BANGKOK — A singer-turned-activist was sentenced today by the Criminal Court to seven and a half years in prison for defaming the monarchy, and instructed to author a song promoting national reconciliation after he has served his time.
Thanat Thanawatcharanon, who contested the charge until reportedly confessing out of despair, was also told by the judge to plant trees in honor for His Majesty the King after completing his seven and and a half year jail term.
Thanat, 58, was originally sentenced to 15 years in prison, but his sentence was halved for entering a guilty plea. He will actually serve a sentence of around five and a half years from today as he been in jail since his arrest nearly two years ago.
Thanat’s friend and fellow Redshirt activist Yosawarit Chooklom recalled that Thanat looked baffled when the judge gave the unusual instruction about writing a reconciliation song and tree-planting.
“I arrived at the courtroom just as the judge was saying those words, so I thought he got a suspended sentence and some community service,” Yosawarit said by telephone Wednesday. “I was so happy for him, then my wife turned to me and said he got seven years and six months.”
The judge, who, per court tradition, was not named, also “jokingly” advised Thanat to perform songs in prison in the meantime, according to Yosawarit.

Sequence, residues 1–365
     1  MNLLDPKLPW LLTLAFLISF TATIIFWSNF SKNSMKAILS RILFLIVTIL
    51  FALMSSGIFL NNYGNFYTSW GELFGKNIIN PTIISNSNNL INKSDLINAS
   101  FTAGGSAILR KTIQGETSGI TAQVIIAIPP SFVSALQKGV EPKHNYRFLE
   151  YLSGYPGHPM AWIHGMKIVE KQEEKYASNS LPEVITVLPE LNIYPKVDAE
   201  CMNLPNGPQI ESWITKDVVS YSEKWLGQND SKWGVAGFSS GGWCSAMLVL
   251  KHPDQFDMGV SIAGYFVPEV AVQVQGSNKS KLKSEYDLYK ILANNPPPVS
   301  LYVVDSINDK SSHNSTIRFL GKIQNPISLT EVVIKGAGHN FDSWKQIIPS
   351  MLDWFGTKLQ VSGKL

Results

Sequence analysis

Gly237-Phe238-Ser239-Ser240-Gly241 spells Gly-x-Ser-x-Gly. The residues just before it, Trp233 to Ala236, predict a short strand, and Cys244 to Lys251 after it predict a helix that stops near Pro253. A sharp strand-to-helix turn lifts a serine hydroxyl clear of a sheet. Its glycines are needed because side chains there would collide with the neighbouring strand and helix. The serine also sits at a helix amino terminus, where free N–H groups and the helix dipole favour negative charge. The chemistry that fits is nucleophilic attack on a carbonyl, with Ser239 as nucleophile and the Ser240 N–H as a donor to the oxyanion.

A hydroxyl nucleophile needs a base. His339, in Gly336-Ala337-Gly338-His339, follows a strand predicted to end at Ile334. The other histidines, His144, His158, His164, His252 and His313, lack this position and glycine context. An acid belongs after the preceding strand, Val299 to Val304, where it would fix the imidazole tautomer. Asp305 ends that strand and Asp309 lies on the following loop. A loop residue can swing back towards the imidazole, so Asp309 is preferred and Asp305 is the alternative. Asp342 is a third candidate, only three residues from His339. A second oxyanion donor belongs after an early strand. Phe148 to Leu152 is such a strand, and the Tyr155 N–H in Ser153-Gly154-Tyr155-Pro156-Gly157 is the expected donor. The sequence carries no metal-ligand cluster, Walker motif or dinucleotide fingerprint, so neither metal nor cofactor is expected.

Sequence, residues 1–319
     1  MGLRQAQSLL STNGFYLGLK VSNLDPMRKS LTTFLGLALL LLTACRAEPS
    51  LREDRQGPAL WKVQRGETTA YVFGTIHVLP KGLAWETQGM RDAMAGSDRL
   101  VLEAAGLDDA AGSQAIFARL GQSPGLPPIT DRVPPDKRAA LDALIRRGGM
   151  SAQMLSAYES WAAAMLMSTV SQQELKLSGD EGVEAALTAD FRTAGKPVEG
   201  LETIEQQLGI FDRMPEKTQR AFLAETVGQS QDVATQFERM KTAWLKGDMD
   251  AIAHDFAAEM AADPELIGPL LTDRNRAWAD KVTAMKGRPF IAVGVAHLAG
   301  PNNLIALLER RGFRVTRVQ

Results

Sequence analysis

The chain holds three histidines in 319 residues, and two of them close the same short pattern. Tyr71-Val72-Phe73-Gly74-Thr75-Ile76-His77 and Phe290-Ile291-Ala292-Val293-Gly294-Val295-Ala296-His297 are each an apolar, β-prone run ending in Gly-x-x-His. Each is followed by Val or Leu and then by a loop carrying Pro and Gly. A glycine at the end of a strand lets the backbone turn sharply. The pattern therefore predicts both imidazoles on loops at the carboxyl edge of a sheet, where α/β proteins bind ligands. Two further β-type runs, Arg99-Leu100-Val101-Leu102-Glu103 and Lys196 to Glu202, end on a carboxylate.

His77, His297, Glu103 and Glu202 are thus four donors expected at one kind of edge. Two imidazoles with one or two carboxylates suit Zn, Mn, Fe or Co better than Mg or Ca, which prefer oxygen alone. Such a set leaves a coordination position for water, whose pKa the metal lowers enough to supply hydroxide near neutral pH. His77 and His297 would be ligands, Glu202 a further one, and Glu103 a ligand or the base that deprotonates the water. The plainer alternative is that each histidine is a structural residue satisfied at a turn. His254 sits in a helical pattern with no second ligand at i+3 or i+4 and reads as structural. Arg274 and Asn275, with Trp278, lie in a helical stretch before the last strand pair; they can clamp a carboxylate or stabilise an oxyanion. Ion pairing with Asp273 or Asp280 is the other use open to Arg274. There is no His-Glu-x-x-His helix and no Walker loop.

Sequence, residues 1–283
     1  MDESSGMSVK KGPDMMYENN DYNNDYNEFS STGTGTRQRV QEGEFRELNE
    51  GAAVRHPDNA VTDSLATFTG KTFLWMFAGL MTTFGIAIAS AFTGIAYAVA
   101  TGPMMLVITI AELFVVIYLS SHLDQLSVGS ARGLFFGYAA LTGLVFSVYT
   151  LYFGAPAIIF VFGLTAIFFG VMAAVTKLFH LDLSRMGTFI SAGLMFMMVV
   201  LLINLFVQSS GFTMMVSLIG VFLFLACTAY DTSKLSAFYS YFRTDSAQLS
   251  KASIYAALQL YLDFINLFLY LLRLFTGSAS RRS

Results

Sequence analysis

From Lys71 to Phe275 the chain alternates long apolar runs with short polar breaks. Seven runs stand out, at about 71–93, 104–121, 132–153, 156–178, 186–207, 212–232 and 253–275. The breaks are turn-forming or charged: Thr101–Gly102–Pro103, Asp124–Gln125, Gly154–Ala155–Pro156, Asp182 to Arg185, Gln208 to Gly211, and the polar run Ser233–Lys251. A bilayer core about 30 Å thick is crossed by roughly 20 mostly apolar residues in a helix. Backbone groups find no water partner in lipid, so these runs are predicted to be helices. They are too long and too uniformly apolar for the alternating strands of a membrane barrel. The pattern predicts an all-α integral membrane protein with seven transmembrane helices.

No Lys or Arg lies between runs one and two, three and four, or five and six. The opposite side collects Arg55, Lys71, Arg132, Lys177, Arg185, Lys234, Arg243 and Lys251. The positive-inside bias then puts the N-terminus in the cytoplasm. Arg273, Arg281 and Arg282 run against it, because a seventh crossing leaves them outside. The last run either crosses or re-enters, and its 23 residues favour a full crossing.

“I guess the judge tried to console Tom,” Yosawarit said, referring to Thanat’s stage name Tom Dundee.
Thanat was found guilty of royal defamation, a crime known as lese majeste, by insulting King Bhumibol and Queen Sirikit on a Redshirt protest stage in 2013. Lese majeste carries a maximum penalty of 15 years in prison per offense.
Although criticism of the monarchy has long been a taboo in Thailand, lese majeste law has been enforced with greater frequency and harsher sentences since the royalist military generals seized power in the May 2014 coup.
In August, the court sentenced a Redshirt activist to a record 30-year jail termfor committing lese majeste. Last month, a woman was charged with lese majeste because she did not reprimand someone who allegedly insulted the monarchy in a Facebook chat with her.
‘It’s Useless to Fight’
Thanat previously entered a not guilty plea and maintained his innocence throughout his time in Bangkok Remand Prison, but he recently changed his plea confessed to the crime on Monday.
According to Yosawarit, who had also spent some time in prison with his friend, Thanat used to be cheerful and “full of jokes” in earlier months of imprisonment. But eventually the prison broke him, Yosawarit said.
Thanat is also due to stand trial for two more offenses – an additional charge of lese majeste and for defying the junta’s summon order – both in the martial court, and he’s concerned that it would take years to contest those charges.
“He became depressed, so I told him, just confess,” Yosawarit said. “Just stop fighting. The other two cases, too. It’s useless to fight.”